Bryant made a case for himself during an interview with TMZ Sports this week:
Bryant said he is "of course" Hall of Fame-worthy before adding: "Nobody put up TDs the way I put up. Not as fast."
Bryant was the No. 24 overall pick in the 2010 NFL draft out of Oklahoma State, and it didn't take him long to establish himself as one of the top wideouts in the league as a member of the Cowboys.
He put up especially huge numbers from 2012 to 2014, scoring double-digit touchdowns in each of those seasons and averaging 91 receptions for over 1,311 yards and nearly 14 touchdowns.
Bryant was a three-time Pro Bowler and one-time First-Team All-Pro in his eight seasons in Dallas, and in 113 regular-season games as a member of the Cowboys, he recorded a total of 531 catches for 7,459 yards and 73 touchdowns.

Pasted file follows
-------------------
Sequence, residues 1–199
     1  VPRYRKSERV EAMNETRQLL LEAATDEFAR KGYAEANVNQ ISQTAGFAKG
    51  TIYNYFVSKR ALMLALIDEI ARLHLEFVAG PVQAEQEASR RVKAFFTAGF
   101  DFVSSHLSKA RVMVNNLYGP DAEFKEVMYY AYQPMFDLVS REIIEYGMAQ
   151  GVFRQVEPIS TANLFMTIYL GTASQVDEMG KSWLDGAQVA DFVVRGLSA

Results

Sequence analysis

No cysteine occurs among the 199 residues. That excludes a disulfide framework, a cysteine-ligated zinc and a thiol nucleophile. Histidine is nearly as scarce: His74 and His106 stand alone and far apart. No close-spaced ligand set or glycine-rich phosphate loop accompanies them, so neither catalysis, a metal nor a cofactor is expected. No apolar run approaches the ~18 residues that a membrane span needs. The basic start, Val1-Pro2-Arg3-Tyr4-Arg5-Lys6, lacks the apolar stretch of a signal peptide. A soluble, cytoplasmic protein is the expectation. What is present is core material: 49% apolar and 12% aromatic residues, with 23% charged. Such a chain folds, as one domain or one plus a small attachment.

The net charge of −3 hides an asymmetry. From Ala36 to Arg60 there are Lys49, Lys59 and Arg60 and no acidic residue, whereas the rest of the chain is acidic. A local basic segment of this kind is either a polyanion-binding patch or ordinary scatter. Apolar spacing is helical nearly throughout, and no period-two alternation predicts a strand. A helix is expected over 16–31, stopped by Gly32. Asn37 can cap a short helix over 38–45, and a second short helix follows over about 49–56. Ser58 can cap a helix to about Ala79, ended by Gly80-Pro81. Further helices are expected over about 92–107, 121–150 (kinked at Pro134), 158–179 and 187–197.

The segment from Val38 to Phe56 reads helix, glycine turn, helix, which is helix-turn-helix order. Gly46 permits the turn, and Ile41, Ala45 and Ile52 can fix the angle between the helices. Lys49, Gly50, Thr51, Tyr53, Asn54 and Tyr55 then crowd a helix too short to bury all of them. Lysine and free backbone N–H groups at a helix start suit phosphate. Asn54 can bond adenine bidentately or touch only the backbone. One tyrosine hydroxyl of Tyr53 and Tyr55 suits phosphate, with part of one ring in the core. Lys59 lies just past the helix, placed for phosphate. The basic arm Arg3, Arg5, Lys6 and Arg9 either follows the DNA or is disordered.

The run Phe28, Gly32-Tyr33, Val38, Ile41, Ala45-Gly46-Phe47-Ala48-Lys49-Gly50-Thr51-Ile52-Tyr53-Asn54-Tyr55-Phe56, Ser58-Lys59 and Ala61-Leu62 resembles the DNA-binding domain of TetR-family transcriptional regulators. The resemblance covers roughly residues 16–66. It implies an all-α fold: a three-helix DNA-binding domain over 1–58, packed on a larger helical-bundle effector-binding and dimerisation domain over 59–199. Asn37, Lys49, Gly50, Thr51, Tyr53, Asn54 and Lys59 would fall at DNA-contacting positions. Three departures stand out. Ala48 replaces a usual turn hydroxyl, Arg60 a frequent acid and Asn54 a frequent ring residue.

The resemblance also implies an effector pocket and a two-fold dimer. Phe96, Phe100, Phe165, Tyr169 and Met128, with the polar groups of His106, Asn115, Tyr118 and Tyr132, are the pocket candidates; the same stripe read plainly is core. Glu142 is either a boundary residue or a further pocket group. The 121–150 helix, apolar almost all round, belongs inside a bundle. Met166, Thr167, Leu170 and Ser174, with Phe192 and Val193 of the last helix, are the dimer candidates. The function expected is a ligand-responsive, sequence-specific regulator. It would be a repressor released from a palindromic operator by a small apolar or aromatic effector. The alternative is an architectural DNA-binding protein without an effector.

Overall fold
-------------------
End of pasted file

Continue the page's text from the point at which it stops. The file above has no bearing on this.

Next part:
Bryant is third in Cowboys history in receptions and fifth in receiving yardage, but he is the franchise's all-time leader in touchdown catches.
Making that feat even more impressive is the fact that he played fewer games with the Cowboys than each of the next four players (Jason Witten, Bob Hayes, Michael Irvin and Tony Hill) on Dallas' receiving touchdowns list.
Witten is a surefire, first-ballot Hall of Famer, while both Hayes and Irvin have already taken their rightful spots in Canton, Ohio.
Bryant's chances are hurt by the fact that his production dropped off in his final few years in Dallas, as well as his two-year hiatus from the NFL.
Dez signed with the New Orleans Saints in 2018, but he tore his Achilles before ever playing in a game for them. He then went unsigned in 2019 before finally making his NFL return last season.
Bryant appeared in six regular-season games for the Baltimore Ravens, making six catches for 47 yards and two touchdowns.
While Bryant is set to become a free agent, he has made it clear that he wants to continue playing in 2021. If he catches on with another team, he'll need to be far more productive than he was last season in order to put himself on the Hall of Fame radar.